Indigoby Graham Joyce
It is a color the human eye cannot truly see, a slice of the spectrum imbued with the promise of invisibility. But for Jack Chambers, the son of a scientist renowned as both a genius and a madman, it will lead to places of unknown treachery. As executor of his estranged-father's will, Jack is appointed two ominous tasks: publish Timothy Chambers' bizarre… See more details below
It is a color the human eye cannot truly see, a slice of the spectrum imbued with the promise of invisibility. But for Jack Chambers, the son of a scientist renowned as both a genius and a madman, it will lead to places of unknown treachery. As executor of his estranged-father's will, Jack is appointed two ominous tasks: publish Timothy Chambers' bizarre manuscript Invisibility: A Manual of Light, and track down an unknown woman who stands to inherit the substantial estate. Jack's mission leads him to reunite with his half-sister, Louise, now grown into a stunning woman. Bound by a tense attraction, Jack and Louise head to Rome, where a cultlike group pursues the intoxicating secrets of the elusive indigo -- and where Jack perceives its horrid danger only when it's too late.
- Viking Penguin
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O'HARE AIRPORT, CHICAGO, ONE MONTH EARLIER
A nervous flyer, Jack Chambers was on his fifth scotch and soda when the plane began its descent to O'Hare. Stewardesses made scissor-like strides up and down the aisles, too fast to be asked for another scotch. Jack drained his plastic cup, wiped his corrugated brow with a tiny lemon-scented paper towel, and settled back to fret about the Birtles matter.
It was a good time for all this to happen, he decided. He'd left behind in London only one outstanding case in a frankly declining business. He had instructed his secretary, Mrs. Price, a lady of pensionable years, to take on any new cases but to stall while he was away, and to process the Birtles case. He had neglected to tell her the circumstances under which he'd left things.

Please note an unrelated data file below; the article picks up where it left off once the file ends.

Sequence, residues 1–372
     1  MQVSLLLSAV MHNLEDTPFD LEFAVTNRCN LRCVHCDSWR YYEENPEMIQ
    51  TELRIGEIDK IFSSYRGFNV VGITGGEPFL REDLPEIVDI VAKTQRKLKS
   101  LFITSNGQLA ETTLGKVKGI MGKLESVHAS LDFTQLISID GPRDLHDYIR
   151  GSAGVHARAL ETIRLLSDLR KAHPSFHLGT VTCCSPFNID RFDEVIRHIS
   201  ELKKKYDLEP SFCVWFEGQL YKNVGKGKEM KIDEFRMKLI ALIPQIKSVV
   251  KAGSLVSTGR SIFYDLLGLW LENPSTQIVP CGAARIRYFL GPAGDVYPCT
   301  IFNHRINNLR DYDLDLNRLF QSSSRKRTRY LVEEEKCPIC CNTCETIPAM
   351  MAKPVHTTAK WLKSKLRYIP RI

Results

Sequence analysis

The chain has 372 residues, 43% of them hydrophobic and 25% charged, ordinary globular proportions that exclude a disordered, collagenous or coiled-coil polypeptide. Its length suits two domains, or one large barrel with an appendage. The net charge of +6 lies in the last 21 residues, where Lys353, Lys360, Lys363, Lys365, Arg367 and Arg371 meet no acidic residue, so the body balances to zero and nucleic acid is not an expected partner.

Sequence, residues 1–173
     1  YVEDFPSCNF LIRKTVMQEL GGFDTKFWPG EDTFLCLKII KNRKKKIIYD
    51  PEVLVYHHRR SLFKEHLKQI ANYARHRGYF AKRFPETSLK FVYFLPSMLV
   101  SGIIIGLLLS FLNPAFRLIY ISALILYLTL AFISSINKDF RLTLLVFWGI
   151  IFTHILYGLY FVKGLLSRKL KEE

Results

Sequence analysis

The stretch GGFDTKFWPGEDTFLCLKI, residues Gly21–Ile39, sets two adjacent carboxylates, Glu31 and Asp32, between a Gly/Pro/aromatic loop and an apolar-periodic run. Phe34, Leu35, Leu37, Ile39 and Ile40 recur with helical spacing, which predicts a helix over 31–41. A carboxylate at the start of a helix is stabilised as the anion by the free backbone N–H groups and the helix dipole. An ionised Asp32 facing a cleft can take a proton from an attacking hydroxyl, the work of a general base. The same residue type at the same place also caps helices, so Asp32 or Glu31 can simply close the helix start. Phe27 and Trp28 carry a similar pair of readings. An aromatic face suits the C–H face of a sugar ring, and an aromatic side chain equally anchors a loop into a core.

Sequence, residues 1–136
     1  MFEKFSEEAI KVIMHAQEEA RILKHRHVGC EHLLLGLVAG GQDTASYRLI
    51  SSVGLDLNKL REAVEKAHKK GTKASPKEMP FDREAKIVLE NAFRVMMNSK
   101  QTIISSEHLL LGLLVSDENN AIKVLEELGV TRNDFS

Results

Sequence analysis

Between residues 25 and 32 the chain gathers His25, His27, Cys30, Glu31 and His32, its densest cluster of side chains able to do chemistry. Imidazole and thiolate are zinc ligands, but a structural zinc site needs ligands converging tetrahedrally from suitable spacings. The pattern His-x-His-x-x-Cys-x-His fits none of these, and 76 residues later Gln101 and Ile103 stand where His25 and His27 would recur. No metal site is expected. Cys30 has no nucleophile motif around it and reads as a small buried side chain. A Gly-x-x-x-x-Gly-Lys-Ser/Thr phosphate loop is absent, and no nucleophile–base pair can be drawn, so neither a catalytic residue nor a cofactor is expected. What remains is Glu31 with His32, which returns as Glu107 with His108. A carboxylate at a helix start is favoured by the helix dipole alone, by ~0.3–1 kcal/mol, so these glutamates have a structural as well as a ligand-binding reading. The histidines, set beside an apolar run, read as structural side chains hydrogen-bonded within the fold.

Chicago, then, early October, sunlight like salt and lime outside the terminal. Jack shivered in the crisp, cold air, feeling a little lost. Before the taxi stand was a row of curious kiosks, inside which earmuffed female attendants stared dead ahead, bored into narcosis. Like the cab drivers, they had a chopped, bruised look, as if smarting from the sharp wind. Jack would soon find that all Chicagoans looked as though they'd taken a few jabs in a boxing ring. He tapped on the tough Plexiglas window of one kiosk and a woman minimally inclined her head toward a waiting yellow taxi.
It was a long drive into Chicago, with the taxi meter ticking away to doom. A great canyon, but of glass, steel, and prestressed concrete instead of sedimentary rock, rose gradually on either side; glinting, mercurial traffic formed the riverbed. Instead of caves and hemp ladders in the canyon walls, there would be elevators and carpeted lobbies. In one of those lobbies on West Wacker Drive he met Harvey Michaelson, the man who had originally telephoned him in England.
"When I called, I wasn't aware that you didn't know. I didn't expect to be breaking news."
"We hadn't seen each other in over fifteen years. We were not close," Jack told the lawyer.